JavaScript IIFE (Immediately Invoked Function Expression)

An Immediately Invoked Function Expression (IIFE) is a JavaScript design pattern that allows you to define and execute a function immediately upon its declaration. It's a way of creating and running a function without explicitly naming or calling it:

(function() {
    console.log('Hello World!');
  1. A function expression is wrapped in parentheses: (function() { ... }). The parentheses are necessary because they turn the function declaration into a function expression. Without them, the JavaScript interpreter would treat it as a function declaration and throw a syntax error.
  2. The final pair of parentheses: (). These parentheses are what actually call and execute the function. They're placed right after the function expression to invoke it immediately.

Practical Example of Using IIFE

Example:Counter Module

Suppose we want to create a simple counter module that exposes methods to increment and display the current count, without exposing the internal count variable. We can use IIFE to create a module that encapsulates the count and step and exposes the necessary methods.

const counter = (function() {
    let count = 0;
    let step = 1;

    function increment(newStep) {
        if(newStep) { step = newStep; }
        count += step;

    function display() {
        console.log(`Current count: ${count}`);

    return {

counter.display();   // prints: "Current count: 1"
counter.display();   // prints: "Current count: 4"
counter.display();   // prints: "Current count: 7"

Notice that any new increment value (newStep) passed to the increment function is being stored and used in subsequest increments (when no increment value is provided).

Example: One-time Event Listener

Suppose we want to add an event listener to a button that should only execute once and then remove itself - an IIFE can be used to create a self-contained event listener function:

<button id="myBtn">One time action</button>
(function() {
    const btn = document.getElementById('myBtn');
    if(!btn) { return; }
    function handleClick() {
        console.log('One time click done!');
        btn.removeEventListener('click', handleClick);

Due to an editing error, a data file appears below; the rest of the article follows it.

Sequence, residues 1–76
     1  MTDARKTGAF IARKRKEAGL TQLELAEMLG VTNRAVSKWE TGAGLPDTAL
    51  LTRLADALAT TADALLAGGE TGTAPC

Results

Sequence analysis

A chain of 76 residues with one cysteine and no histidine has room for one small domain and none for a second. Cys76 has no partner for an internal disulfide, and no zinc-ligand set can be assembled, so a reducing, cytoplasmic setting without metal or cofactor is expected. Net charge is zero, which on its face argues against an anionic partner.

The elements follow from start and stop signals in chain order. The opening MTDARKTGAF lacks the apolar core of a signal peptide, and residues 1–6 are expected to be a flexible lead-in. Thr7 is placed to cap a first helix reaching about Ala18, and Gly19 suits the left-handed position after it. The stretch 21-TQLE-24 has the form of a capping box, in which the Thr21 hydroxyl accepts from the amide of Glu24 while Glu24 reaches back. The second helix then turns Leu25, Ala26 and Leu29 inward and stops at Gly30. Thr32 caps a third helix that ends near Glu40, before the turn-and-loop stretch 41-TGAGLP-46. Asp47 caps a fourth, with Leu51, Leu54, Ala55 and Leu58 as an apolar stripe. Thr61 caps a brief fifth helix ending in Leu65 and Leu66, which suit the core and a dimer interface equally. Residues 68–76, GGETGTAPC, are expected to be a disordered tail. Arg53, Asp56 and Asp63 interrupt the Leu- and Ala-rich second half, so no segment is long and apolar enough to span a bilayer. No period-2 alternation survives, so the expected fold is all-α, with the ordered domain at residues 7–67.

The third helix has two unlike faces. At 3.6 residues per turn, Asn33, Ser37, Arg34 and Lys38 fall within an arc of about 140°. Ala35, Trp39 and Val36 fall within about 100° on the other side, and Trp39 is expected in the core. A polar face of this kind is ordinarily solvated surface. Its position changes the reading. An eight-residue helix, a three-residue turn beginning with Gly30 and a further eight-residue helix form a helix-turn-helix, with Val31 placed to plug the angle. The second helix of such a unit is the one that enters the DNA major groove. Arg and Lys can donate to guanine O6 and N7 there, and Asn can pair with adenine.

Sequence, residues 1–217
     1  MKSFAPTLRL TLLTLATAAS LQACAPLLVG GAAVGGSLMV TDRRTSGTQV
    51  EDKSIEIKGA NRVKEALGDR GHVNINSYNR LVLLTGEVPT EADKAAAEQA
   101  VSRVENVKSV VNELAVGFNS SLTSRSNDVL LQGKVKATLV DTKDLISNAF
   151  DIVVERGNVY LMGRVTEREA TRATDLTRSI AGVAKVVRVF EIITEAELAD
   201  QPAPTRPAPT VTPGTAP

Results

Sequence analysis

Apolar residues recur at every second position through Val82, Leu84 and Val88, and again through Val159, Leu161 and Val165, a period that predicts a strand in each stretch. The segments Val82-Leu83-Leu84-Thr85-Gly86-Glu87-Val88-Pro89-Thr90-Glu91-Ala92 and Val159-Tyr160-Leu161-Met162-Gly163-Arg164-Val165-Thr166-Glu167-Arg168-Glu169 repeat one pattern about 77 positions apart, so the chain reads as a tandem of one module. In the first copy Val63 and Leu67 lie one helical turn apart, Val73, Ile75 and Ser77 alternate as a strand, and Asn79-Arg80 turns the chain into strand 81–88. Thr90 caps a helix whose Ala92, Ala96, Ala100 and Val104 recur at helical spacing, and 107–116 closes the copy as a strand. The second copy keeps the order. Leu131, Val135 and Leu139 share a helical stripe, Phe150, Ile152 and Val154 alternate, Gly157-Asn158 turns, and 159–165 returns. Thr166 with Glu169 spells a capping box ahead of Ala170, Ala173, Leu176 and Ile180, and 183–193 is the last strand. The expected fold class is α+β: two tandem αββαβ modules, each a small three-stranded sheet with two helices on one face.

btn.addEventListener('click', handleClick);

Example: Configuration Setup

Imagine we have a configuration object that we need to set up with default values and some initial processing. We can use IIFE to create a self-contained setup function that initialises the configuration object:

const config = {};

(function() {
    function setDefaults() {
        config.apiKey = 'YOUR_API_KEY';
        config.apiUrl = '';
        config.timeout = 5000;

    // Initial config processing
    function processSettings() {
        console.log(`Configuring with API key: ${config.apiKey}`);


// prints: { apiKey: 'YOUR_API_KEY', 
//           apiUrl: '', 
//           timeout: 5000 }

Why Use IIFE?

There are several reasons why you might want to use an IIFE in your JavaScript code:

  1. Encapsulation and scoping: IIFE creates a new scope, which means any variables declared within the function will not be accessible outside of it. This can help prevent variable name collisions and keeps the global scope clean.
  2. Privacy: Since variables and functions declared inside an IIFE are not accessible from outside, they remain private. This is useful when you want to create a module or a piece of code with a well-defined interface while hiding its internal implementation details.
  3. Self-contained code: IIFE can be useful when you want to create a self-contained piece of code that doesn't rely on external variables or functions. This can be helpful for code organization and maintainability.

Take away

IIFE is a powerful JavaScript pattern that provides encapsulation, privacy, and self-contained code. By understanding the syntax and use cases of IIFE, you can write cleaner, more maintainable, and more modular JavaScript code.